Had the right hon. Gentleman deigned to participate in any of the Bill's stages before Third Reading, he would have anticipated that I would address some of the Bill's problems, including the regional elements, and explain why we shall vote against it.
There are other aspects of the Bill that we like. It contains a provision on sustainable development, although we would have liked it to include a definition of that. We hope that the regulations will be effective. At least there is now the intention for sustainability to form part of the planning process. Although the clauses that concern Wales have not found universal approval, no one can find any reason to object to them and the Welsh seem happy with them, so that is good enough for me. The local development orders represent a step forward and the Bill's provisions on Crown immunity are long overdue. Although I am worried that the section 106 reforms might have perverse consequences for affordable housing—I am sure that the Minister will work to try to prevent that—the changes are broadly welcome, as are the Bill's compulsory purchase provisions.
We have some worries about the Bill, though. We did not discuss the simplified planning zones—or "Gordon's planning zones", as I call them—at length in Committee. I think that the provisions are in the Bill only because the zones were mentioned in last year's Budget. If the Office of the Deputy Prime Minister were honest, I am sure that it would rather that the provisions were not in the Bill because broadly similar provisions exist, although no one—including developers—uses them or is enthusiastic about them. Developers and businesses often prefer a structured process to a simplified one. When development takes place, people want to ensure that there is some control on what happens next door. I suspect that the Bill's provisions on such zones will not be used.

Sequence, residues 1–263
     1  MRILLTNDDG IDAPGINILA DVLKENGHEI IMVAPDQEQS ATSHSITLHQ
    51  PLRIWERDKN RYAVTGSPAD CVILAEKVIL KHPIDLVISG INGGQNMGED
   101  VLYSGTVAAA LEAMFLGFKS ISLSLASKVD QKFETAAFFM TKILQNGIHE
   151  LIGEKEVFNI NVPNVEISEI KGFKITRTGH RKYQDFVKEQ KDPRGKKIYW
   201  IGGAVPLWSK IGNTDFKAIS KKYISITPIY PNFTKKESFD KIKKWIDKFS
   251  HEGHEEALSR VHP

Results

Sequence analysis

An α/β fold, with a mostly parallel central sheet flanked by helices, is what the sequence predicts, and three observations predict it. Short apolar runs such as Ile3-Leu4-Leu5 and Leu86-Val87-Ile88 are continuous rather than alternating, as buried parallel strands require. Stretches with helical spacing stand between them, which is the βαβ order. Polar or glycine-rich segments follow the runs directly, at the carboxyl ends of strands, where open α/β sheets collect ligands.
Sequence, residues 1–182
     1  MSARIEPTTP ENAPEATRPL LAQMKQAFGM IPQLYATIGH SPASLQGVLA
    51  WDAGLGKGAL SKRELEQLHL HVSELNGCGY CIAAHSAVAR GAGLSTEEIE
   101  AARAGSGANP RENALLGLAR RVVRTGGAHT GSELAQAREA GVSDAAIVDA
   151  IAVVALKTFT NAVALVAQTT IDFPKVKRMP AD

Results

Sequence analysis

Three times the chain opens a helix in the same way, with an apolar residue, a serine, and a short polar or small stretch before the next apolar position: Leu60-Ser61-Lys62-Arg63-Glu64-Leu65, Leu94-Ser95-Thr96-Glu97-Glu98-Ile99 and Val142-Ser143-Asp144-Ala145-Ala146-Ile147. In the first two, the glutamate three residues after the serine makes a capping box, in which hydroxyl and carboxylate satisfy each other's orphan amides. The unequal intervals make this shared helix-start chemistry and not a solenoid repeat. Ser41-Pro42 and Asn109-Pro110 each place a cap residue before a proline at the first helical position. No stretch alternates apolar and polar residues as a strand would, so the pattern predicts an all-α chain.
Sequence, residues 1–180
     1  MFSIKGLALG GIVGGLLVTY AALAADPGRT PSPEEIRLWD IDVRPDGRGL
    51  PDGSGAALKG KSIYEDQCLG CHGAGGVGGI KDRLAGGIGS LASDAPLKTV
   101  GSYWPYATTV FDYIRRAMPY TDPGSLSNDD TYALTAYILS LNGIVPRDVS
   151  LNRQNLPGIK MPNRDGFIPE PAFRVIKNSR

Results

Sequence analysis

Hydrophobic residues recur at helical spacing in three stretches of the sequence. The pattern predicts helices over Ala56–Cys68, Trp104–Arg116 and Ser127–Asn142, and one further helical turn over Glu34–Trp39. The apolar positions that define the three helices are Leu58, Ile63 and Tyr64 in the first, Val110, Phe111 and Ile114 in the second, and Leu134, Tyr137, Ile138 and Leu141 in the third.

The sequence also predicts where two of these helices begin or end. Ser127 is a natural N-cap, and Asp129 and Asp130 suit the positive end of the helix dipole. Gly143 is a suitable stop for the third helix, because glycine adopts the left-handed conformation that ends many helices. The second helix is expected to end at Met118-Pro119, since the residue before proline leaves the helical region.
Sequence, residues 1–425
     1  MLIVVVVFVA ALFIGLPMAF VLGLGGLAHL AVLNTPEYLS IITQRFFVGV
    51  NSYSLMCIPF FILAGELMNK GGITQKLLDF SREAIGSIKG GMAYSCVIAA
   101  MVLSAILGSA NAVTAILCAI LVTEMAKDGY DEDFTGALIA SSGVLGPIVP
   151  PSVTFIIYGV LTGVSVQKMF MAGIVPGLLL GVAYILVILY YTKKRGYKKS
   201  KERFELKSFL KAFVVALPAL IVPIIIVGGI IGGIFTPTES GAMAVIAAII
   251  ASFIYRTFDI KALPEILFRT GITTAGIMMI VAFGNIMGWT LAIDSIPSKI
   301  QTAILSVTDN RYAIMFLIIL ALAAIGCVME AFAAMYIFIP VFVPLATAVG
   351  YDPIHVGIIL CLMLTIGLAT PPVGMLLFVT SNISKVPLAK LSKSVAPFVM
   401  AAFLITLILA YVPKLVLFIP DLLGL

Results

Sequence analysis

We are also worried about the introduction of statements of development principles. The Government rightly had to row back from abolishing outline planning permission because of the question of land banks and their value. There is a danger that the statements of development principles will become rapidly discredited because they will be relatively worthless. It would be good if the shift from outline planning permission to statements of development principles could be achieved, because the statements would allow planners to detail what they would like to see on a site, rather than using a reactive system in which they must wait for applications to come forward. However, it will be difficult to make that transition and given that the Government are rightly allowing outline planning permission to continue, the statements of development principles will be fairly worthless.